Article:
- Fraser, Clara. LaRouche: Sex Maniac & Demagogue..
- Gilbert, Helen (2003) Lyndon LaRouche: Fascism restyled for the new Millennium, Red Letter Press, ISBN 0-932323-21-9.
- King, Dennis (1989) Lyndon LaRouche and the New American Fascism, Doubleday, ISBN 0-385-23880-0. Online at: 
- U.S. Labor Party Investigating Team (Kostandinos Kalimtgis, David Goldman, Jeffrey Steinberg), Dope, Inc.: Britain’s Opium War against the U.S., New York: New Benjamin Franklin House, 1978. On the Protocols, see pp. 31–33; on the Rothschilds, see the chart on pp. 154–55, consult index for more than 20 page entries on the Rothschilds.
- Wohlforth, Tim. (n.d.) A '60's Socialist Takes a Hard Right
- ↑ Ideological Odyssey: From Old Left to Far Right John Mintz Washington Post January 14, 1985
- ↑ ¤ Berlet, Chip. "Protocols to the Left, Protocols to the Right: Conspiracism in American Political Discourse at the Turn of the Second Millennium." Reconsidering "The Protocols of the Elders of Zion": 100 Years After the Forgery, October 30–31, 2005, Boston
¤ Berlet, Chip & Bellman Joe. "Lyndon LaRouche: Fascism Wrapped in an American Flag", Political Research Associates, March 10, 1989
¤ Berlet, Chip & Lyons, Matthew. Right-Wing Populism in America: Too Close for Comfort, Guilford, 2000. ISBN 1-57230-562-2
¤ Fraser, Clara. Revolution, She Wrote, Red Letter, 1998. ISBN 0-932323-04-9. See chapter called "LaRouche: Sex Maniac and Demagogue"
¤ Gilbert, Helen. Lyndon LaRouche: Fascism Restyled for the New Millennium, Red Letter, 2003. ISBN 0-932323-21-9
- ↑ King, Dennis. Lyndon LaRouche and the New American Fascism, New York: Doubleday, 1989. ISBN 0-385-23880-0 Online text at here
¤ Mintz, John. "Ideological Odyssey: From Old Left to Far Right", The Washington Post, January 14, 1985
¤ Wohlforth, Tim. "A '60's Socialist Takes a Hard Right", Political Research Associates, March16, 2006.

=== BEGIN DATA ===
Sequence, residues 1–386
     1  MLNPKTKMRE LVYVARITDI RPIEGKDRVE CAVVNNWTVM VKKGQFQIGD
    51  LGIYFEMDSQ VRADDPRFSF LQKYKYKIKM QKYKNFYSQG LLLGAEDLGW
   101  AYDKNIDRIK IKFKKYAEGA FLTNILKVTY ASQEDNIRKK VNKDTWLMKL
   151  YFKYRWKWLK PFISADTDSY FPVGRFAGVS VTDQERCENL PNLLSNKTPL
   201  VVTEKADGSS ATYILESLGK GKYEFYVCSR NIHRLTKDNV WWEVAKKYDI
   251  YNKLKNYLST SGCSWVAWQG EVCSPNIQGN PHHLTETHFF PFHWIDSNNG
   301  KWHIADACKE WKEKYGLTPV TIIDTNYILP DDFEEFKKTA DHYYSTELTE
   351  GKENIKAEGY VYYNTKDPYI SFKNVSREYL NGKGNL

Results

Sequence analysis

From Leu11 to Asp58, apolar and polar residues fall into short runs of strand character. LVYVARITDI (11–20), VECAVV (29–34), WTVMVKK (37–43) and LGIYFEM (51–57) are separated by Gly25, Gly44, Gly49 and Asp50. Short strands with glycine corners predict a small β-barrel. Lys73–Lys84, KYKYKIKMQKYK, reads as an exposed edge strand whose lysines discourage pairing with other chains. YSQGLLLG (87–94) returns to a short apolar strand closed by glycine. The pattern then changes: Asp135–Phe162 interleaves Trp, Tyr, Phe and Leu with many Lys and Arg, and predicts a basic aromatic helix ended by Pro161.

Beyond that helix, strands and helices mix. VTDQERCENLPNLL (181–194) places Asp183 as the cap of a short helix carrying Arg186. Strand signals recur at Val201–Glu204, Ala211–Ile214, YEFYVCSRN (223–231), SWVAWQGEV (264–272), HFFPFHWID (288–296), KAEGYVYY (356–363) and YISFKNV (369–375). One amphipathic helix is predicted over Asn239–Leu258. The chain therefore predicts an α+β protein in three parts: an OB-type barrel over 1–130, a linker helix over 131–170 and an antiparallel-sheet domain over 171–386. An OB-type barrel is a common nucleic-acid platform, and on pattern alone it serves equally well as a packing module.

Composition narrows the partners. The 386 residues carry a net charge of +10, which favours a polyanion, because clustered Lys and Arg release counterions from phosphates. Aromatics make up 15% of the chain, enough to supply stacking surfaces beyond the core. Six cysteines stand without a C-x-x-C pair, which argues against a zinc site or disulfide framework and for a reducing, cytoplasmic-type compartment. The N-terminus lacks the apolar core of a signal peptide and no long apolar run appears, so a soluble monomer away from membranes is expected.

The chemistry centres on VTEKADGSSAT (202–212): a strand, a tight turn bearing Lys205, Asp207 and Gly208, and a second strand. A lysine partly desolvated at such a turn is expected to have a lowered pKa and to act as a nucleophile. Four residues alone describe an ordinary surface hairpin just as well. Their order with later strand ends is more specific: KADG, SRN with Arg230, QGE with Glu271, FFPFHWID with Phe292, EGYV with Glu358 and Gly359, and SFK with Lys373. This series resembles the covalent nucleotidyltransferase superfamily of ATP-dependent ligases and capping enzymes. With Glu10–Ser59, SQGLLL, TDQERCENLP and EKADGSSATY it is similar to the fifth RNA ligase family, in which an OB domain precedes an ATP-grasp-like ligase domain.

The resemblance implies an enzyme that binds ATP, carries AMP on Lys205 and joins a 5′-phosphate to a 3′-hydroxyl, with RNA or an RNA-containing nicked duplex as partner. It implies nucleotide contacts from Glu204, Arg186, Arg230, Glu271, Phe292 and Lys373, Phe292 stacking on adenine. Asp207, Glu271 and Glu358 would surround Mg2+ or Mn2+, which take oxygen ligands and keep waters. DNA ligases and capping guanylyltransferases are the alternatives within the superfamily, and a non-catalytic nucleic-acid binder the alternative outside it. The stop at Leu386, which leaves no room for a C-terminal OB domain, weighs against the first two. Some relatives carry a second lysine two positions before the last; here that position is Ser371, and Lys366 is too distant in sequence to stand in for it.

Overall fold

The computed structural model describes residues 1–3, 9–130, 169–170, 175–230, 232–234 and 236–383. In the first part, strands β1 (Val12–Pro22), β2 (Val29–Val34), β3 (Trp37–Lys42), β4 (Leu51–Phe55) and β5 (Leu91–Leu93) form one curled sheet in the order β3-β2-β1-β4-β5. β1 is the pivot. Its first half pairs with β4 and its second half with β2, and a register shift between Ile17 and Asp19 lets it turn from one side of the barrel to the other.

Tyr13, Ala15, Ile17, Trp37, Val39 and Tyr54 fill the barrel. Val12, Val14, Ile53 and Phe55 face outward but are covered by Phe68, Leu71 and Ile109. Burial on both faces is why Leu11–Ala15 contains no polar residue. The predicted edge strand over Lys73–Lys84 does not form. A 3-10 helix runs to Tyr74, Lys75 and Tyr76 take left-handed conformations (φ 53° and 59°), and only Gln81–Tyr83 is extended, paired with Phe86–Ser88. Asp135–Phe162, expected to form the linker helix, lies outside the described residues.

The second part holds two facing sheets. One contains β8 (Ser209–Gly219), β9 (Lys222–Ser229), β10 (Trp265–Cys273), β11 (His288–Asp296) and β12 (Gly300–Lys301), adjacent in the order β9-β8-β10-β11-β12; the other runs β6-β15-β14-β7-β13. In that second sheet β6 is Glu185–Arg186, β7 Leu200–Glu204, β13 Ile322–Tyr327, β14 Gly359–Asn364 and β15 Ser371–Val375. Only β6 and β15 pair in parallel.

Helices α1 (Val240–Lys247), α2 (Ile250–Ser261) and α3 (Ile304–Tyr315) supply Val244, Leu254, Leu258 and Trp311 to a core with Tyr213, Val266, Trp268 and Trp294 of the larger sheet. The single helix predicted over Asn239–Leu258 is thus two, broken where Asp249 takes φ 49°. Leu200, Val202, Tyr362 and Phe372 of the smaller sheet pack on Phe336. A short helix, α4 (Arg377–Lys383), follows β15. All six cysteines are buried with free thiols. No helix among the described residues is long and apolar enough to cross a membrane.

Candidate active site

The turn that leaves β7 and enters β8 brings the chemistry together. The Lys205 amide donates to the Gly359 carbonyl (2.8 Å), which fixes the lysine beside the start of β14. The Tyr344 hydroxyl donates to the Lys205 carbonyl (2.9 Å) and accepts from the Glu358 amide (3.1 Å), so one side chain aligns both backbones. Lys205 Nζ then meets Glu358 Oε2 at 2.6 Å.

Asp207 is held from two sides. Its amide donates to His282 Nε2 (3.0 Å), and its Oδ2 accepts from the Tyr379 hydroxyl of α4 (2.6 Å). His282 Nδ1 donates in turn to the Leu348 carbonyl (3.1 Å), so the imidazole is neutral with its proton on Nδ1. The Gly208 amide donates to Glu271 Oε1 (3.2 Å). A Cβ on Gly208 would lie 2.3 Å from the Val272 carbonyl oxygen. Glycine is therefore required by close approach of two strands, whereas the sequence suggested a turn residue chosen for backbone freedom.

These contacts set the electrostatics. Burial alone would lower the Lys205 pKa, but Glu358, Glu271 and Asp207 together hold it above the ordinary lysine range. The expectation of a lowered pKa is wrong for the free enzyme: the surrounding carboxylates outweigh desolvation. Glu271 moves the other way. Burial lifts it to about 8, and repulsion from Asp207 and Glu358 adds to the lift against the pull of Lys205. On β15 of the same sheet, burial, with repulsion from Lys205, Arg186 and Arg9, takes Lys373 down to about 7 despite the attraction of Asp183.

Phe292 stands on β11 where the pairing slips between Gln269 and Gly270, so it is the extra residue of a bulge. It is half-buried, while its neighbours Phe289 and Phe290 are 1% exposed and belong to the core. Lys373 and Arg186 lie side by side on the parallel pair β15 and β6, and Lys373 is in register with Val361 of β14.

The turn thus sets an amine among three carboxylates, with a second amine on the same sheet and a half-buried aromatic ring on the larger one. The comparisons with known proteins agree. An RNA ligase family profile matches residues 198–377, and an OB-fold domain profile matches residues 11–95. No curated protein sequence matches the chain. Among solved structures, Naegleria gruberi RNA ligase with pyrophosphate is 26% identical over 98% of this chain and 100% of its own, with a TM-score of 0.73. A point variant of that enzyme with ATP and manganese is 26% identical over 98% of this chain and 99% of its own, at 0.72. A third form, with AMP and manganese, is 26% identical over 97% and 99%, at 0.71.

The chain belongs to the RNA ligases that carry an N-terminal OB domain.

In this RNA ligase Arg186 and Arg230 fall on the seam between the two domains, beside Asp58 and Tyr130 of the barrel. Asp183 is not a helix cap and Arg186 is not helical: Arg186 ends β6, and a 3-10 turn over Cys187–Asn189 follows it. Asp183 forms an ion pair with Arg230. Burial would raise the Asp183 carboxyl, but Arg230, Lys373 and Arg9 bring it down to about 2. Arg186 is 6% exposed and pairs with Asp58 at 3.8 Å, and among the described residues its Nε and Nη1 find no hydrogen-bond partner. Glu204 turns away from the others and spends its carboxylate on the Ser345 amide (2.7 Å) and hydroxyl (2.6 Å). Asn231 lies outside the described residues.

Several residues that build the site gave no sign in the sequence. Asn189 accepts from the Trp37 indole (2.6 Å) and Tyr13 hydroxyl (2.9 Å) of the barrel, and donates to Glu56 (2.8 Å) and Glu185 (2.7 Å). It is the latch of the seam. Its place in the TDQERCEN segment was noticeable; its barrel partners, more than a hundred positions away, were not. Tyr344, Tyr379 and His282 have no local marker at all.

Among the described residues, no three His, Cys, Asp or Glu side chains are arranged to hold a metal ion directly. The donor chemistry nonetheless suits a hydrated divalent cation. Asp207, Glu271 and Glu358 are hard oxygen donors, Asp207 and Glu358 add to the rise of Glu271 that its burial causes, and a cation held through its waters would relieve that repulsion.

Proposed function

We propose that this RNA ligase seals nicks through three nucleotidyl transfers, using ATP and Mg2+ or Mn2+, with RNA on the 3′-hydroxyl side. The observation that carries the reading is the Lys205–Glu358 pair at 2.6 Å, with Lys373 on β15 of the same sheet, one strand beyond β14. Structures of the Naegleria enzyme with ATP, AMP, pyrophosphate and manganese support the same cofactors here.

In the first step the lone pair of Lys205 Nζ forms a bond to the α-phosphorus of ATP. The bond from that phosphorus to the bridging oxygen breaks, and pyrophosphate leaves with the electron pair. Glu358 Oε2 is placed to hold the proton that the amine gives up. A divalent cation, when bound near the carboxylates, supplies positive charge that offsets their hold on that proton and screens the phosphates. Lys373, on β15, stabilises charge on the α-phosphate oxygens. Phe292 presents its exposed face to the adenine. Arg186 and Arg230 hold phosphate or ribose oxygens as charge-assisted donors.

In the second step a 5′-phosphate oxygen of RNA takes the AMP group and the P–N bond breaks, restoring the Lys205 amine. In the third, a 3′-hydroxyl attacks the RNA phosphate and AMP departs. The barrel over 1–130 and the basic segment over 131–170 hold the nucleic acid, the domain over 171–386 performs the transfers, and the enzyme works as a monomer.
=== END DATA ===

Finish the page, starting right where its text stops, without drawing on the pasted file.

- ↑ LaRouche, Lyndon, "On the subject of Education," Executive Intelligence Review, December 11, 1999
- ↑ Transcript of LaRouche webcast , published in EIR, October 18, 2002
- ↑ Support Conyers' Health-Care Reform! Lyndon H. LaRouche, Jr. April 21, 2006
- ↑ LaRouche, Lyndon. "The Great Luddite Hoax of 2007", Executive Intelligence Review, March 9, 2007.
- ↑ "Emergency World Reorganization: What Each Among All Nations Must Do Now" Lyndon LaRouche, September 27, 1998
- ↑ 9.0 9.1 9.2 9.3 9.4 LaRouche, Lyndon, "The Secrets Known Only to the Inner Elites," Campaigner, December 11, 1999
- ↑ LaRouche, "Solving the Machiavellian Problem Today," New Solidarity, July 7, 1978
- ↑ LaRouche, "The Secrets Known Only to the Inner Elites," The Campaigner, May-June 1978, pp. 32-33.
- ↑ LaRouche, "The Two Global Conspiracies," New Solidarity, Nov. 18, 1977
- ↑ LaRouche, "Anti-Dirigism Is British Tory Propaganda," New Solidarity, Feb. 3, 1978
- ↑ LaRouche, "How to Analyze and Uproot International Terrorism," New Solidarity, Feb. 17, 1978
- ↑ LaRouche, "Inner Elites," p. 64
- ↑ LaRouche, "The Elite That Can't Think Straight," Executive Intelligence Review, Oct. 17, 1978
- ↑ King, Chaps 28, 30
- ↑ LaRouche, Lyndon, "The State Of Our Union: The End of Our Delusion!" LaRouche PAC website, August 3, 2007
- ↑ Biography of Lyndon LaRouche, Schiller Institute website.